A real hardcase.

And then get her revenge at the end, which is a great climax at the end of the movie.

It had to have been cathartic. I know that you didn’t have a lot of time or preparation when you joined the cast, but did you have a reference point? What was your preparation for the movie?

Yeah, it was very quick actually. I was away on holiday, I’d just done the audition a couple of days before, and then I got the call to say that I needed to fly to Bulgaria the next day, so it was all very quick. Yeah, I’d watched the 1985 version before the audition and then I looked at it again because I wanted to make sure that I gave a nod to that. Obviously, it does have, like you were saying before, such a cult following, such a great fandom that I wanted to make sure that there are aspects of sort of the original sorrow that they can see in that. But then mainly it’s just kind of looking at the words you’ve got on the page. Zoe is her own character and she is very different from Sarah, so mainly the prep really was just sort of looking into that and just taking it from there really. It’s almost like prepping two different characters, sort of Zoe at the beginning and Zoe at the end.

You’re a Royal Academy trained ballerina…


I read that you bring your pointe shoes with you wherever you go.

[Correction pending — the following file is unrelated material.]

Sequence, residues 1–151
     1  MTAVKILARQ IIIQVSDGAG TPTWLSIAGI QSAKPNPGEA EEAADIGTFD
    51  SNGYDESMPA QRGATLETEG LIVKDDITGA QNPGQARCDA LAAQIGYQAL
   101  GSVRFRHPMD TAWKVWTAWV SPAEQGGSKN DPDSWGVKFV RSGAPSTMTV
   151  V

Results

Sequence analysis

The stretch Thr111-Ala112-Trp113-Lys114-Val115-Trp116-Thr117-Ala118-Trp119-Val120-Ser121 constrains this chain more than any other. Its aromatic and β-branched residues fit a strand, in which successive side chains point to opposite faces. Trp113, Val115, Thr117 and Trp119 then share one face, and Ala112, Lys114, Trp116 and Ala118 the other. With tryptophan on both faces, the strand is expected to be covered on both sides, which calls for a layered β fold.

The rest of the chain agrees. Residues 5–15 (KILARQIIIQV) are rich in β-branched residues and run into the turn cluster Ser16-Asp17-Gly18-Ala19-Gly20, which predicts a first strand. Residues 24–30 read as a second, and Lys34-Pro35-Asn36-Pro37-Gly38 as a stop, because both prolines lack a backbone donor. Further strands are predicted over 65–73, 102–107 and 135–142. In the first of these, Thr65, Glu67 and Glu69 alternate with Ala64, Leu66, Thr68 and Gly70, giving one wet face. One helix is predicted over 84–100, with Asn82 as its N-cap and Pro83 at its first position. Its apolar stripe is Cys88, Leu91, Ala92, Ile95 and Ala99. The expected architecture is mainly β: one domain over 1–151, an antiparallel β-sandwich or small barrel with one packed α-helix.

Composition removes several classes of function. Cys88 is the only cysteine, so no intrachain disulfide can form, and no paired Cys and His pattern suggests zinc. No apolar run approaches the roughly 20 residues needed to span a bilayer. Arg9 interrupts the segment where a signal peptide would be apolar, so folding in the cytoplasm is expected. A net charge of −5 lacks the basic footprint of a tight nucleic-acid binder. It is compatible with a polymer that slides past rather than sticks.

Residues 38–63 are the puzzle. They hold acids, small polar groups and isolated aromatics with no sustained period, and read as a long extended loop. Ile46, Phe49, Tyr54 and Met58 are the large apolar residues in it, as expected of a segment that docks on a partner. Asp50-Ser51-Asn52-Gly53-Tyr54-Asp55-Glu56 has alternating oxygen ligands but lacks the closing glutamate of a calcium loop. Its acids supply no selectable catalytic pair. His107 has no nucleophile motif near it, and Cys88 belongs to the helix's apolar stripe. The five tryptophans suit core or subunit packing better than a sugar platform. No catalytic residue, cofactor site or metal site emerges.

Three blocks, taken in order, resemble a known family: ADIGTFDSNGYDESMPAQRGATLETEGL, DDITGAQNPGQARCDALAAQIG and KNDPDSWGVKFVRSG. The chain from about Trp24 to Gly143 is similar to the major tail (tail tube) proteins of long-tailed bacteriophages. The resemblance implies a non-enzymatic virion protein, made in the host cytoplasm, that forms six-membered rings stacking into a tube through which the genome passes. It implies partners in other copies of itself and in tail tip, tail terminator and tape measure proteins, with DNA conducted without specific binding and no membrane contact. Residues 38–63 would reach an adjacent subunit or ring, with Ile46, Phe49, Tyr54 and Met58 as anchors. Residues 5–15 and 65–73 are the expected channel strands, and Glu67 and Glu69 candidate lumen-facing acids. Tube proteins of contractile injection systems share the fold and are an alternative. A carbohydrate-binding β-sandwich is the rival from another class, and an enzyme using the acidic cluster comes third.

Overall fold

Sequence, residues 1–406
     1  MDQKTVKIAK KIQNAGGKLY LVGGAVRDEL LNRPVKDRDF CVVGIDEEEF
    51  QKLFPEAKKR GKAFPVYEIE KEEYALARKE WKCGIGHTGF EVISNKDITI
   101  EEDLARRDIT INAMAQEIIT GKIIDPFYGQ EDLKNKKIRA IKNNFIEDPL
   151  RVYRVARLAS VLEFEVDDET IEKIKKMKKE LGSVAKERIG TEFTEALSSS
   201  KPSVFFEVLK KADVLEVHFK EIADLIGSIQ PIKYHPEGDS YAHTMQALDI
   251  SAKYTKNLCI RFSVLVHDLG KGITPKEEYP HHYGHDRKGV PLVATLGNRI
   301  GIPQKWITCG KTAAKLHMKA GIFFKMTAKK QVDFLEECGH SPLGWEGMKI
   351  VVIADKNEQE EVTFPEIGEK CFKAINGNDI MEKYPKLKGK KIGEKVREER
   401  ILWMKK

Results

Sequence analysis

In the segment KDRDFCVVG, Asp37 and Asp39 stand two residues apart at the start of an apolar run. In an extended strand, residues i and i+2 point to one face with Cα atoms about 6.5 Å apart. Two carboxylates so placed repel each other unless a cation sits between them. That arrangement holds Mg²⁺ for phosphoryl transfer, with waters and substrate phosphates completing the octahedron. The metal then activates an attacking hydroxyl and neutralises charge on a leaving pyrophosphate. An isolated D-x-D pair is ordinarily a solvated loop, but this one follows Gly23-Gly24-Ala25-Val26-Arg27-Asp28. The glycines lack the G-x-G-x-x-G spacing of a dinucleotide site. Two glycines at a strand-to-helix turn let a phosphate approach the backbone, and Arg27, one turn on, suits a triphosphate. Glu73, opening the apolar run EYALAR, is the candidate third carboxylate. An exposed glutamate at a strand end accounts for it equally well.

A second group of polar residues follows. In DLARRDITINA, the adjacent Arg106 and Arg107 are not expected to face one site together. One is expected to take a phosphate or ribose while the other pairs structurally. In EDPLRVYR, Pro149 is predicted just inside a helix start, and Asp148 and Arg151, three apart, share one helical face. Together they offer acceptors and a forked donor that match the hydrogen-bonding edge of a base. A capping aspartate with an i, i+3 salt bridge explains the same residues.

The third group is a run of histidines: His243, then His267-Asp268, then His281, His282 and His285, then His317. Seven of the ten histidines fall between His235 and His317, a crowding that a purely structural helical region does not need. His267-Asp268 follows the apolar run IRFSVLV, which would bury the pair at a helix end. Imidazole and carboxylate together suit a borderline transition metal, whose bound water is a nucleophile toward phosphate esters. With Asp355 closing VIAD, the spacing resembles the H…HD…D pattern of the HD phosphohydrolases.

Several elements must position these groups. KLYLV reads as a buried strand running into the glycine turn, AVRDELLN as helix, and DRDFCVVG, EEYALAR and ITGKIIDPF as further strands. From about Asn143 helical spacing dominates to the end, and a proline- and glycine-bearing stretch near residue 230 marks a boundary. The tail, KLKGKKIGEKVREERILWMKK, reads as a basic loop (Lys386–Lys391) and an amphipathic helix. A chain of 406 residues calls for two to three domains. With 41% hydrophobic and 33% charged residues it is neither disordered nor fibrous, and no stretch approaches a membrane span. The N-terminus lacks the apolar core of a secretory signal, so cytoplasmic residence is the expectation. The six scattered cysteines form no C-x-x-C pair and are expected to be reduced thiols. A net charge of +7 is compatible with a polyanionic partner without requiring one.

I do.

Does that training help you prepare for the zombie apocalypse?

Spoilers Below

Yeah definitely. I think when you’re doing action scenes it’s really important to have that stamina, but also scenes are just very structured sometimes. It’s almost like choreography sometimes, especially for fight scenes and things like that. So yeah, it actually comes in very useful, which is good. Especially for things like that end scene, that mud mound was so heavy, you wouldn’t believe how heavy the mud was because we were promptly buried in it and then to try and sort of stand up out of it and do that end bit where he sort of stabbed the sickle into Max, which was actually a dummy at the time. It took some strength to do that 20 times over. Luckily it did help.

That is absolutely my favorite moment in the film. Incredibly satisfying.

Yeah. That was really mud, I was absolutely covered in it, so I sort of had to hold my breath while they covered in the mound of mud and it was in my ears and everything. So yeah, that’s all real.

Well, your character survived.


Spoiler alert. Will you be willing to return to this realm again?

Yeah absolutely, it would be great to. I feel like by the end of the movie Zoe really has this sense of catharsis and she can now sort of move on with her life and she really has till the end of this sort of growing journey, where she’s really come into her owns shoes a bit, and I think yeah that would be a really great thing to carry on. To explore Zoe as a character but also to see what happens after when they find a vaccine. What happens to the zombies.

Day of the Dead: Bloodline is currently available in theaters and on VOD and Digital HD.

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Brad Gullickson is a Weekly Columnist for Film School Rejects and Senior Curator for One Perfect Shot. When not rambling about movies here, he's rambling about comics as the co-host of Comic Book Couples Counseling. Hunt him down on Twitter: @MouthDork. (He/Him)